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Credit bureaus upsell ID theft victims, FTC report says

A new report by the Federal Trade Commission slams the nation's credit bureaus for upselling identity theft prevention services when victims call looking for help.

The report found that consumers face frustrating voice mail systems that often make it hard to reach a live operator, are confused about their rights and face unnecessary hurdles fixing credit report errors caused by identity thieves. It also pointedly raises the possibility that the new Consumer Financial Protection Bureau could initiate enforcement actions against the bureaus -- Equifax, Experian and TransUnion.

The report comes as that new agency is about to take on regulation of he credit bureaus, a major shift in the way they are policed. The bureau’s new powers will kick in this summer.

The FTC’s findings are the result of a years-long survey of 3,000 ID theft victims who had contacted the agency, and a subset of those victims. The study was mandated in 2007 by the Bush administration’s Identity Theft Task Force.

The survey takers were not scientifically sampled, so the results should not be extrapolated nationally. But they do offer insight into the struggle ID theft victims face when trying to recover from the damage inflicted by their imposters.

Pestered with pitches

The news wasn't all bad for the bureaus -- 68 percent of respondents said they were somewhat or very satisfied after their interactions with credit bureaus.  But there were plenty of complaints.  Chief among them: Victims are pestered with pitches when they are simply calling for help.

"They kept trying to sell me a fraud alert package and I often had to ask to speak to a manager to get them to put a freeze on my credit reports," said one victim quoted in the report.  Another complained:  "It was very difficult to avoid marketing." Several said that, as a result of the pitches, they ended up buying services they felt should have been free.

"Several consumers in the focus groups complained that they felt pushed into paying for additional services while placing their fraud alert,” the report said. One complained that when attempting to obtain a credit report, the respondent was tricked into signing up at a fee-based credit report website.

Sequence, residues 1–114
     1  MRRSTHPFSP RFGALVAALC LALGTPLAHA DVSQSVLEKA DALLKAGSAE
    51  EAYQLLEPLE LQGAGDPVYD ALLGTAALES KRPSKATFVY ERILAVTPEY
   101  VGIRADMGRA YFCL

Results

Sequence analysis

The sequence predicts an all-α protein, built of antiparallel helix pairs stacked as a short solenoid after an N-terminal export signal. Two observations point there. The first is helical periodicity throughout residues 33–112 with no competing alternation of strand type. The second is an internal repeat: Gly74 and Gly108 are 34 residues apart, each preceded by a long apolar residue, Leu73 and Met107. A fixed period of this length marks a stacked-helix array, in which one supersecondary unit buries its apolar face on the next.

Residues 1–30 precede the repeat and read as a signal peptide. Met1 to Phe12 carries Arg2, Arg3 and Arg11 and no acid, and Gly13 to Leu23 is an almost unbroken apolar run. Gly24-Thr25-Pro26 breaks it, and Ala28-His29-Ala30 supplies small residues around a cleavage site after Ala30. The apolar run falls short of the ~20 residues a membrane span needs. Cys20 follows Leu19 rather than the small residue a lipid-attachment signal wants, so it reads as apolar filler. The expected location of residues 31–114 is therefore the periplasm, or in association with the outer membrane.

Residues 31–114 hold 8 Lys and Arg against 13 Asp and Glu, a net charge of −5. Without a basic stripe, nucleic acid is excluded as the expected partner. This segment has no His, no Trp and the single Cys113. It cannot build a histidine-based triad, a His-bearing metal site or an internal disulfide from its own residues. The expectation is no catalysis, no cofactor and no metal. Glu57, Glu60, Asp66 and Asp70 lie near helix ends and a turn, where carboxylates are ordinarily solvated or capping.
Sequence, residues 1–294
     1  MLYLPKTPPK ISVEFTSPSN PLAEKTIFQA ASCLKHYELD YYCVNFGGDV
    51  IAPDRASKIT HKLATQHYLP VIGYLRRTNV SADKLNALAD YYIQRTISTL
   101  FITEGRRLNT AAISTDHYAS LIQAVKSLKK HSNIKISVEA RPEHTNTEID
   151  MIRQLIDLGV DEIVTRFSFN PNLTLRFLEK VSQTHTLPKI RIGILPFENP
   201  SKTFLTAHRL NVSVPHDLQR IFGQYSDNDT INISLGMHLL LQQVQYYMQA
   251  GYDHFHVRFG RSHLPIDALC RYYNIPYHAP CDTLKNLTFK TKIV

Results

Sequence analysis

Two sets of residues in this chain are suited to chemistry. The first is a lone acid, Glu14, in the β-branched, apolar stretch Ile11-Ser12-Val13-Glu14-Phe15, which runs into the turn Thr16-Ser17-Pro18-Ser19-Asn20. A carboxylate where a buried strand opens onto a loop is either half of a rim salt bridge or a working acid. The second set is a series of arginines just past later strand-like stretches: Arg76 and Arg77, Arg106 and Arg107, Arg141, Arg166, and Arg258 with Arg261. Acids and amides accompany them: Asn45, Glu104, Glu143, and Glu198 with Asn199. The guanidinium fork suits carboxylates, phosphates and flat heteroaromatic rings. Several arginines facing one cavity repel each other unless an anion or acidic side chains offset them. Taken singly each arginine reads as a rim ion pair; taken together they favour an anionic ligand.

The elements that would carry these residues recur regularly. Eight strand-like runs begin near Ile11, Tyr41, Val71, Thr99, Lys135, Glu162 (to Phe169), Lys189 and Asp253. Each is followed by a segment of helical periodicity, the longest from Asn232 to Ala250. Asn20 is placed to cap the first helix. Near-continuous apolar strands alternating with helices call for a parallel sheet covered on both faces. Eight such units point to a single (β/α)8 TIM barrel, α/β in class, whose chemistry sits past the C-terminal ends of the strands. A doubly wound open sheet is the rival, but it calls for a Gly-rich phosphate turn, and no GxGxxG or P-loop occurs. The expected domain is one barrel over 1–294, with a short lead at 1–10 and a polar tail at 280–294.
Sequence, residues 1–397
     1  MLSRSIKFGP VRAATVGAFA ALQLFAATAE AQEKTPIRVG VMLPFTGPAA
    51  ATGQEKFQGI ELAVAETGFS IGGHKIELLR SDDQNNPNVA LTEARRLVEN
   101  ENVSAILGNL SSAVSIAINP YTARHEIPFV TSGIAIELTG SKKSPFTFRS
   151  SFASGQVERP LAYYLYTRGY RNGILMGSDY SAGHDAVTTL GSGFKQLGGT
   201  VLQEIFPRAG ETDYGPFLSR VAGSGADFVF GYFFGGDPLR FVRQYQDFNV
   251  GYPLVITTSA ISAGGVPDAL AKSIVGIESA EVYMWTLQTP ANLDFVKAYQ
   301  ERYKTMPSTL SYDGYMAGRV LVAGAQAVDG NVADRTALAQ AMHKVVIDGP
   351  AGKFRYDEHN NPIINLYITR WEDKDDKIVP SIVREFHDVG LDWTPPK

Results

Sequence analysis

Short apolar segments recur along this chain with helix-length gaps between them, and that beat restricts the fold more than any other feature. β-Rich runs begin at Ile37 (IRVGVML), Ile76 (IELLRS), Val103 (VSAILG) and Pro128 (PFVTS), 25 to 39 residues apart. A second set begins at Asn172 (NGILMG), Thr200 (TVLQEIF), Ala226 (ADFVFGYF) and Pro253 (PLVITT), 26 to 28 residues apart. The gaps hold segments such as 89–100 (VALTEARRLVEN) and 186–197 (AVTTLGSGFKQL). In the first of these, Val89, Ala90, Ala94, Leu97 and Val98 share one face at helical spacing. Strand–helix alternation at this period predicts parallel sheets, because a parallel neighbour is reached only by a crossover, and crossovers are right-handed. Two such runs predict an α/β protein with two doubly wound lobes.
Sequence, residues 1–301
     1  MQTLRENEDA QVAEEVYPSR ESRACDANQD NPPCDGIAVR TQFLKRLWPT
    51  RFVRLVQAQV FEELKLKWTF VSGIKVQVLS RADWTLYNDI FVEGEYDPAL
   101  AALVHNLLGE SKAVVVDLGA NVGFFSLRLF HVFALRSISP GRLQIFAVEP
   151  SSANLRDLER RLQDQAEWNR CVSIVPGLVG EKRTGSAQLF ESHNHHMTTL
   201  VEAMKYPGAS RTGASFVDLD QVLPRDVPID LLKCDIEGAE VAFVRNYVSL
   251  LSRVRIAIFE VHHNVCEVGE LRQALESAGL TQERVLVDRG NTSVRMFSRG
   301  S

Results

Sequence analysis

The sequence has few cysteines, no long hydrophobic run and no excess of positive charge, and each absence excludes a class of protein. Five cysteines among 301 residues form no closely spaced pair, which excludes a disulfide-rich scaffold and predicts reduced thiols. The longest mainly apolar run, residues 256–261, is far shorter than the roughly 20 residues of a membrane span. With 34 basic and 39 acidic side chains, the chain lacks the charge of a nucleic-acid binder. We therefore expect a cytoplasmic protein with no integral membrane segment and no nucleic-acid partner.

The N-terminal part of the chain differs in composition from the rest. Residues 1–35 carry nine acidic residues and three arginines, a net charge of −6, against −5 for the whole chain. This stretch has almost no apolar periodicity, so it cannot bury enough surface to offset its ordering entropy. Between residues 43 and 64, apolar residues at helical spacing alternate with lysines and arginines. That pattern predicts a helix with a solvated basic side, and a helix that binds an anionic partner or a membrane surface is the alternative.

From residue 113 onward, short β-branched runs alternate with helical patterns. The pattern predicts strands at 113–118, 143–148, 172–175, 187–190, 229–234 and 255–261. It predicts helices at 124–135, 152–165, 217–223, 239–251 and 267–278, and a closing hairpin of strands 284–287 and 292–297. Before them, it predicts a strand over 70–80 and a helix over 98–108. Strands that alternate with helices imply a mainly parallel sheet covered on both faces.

'They should be helping you'

But at least those folks got through the phone mail tree and reached a live person.  Many victims complained to the FTC that they "spent too much time navigating automated menus and being placed on hold."  One of three victims who called looking for help said it was either somewhat difficult or very difficult to get a human being on the phone.

"That's because operators are spending too much time selling things people don't need," said Ed Mierzwinski, head of the Public Interest Research Group, a public interest advocacy organization. "The bureaus are supposed to keep your information accurate. When you call to complain, you are a victim of their failure, and they should be helping you, not pitching you to buy their product that won't help you anyway.”

In 2000, the FTC fined the three bureaus a total of $2.5 million for failing to answer consumer phone calls in a reasonable amount of time, something they are obligated to do under federal law. The FTC didn't say whether it was considering a similar action in light of the complaints in the report, but it did issue a warning to the bureaus.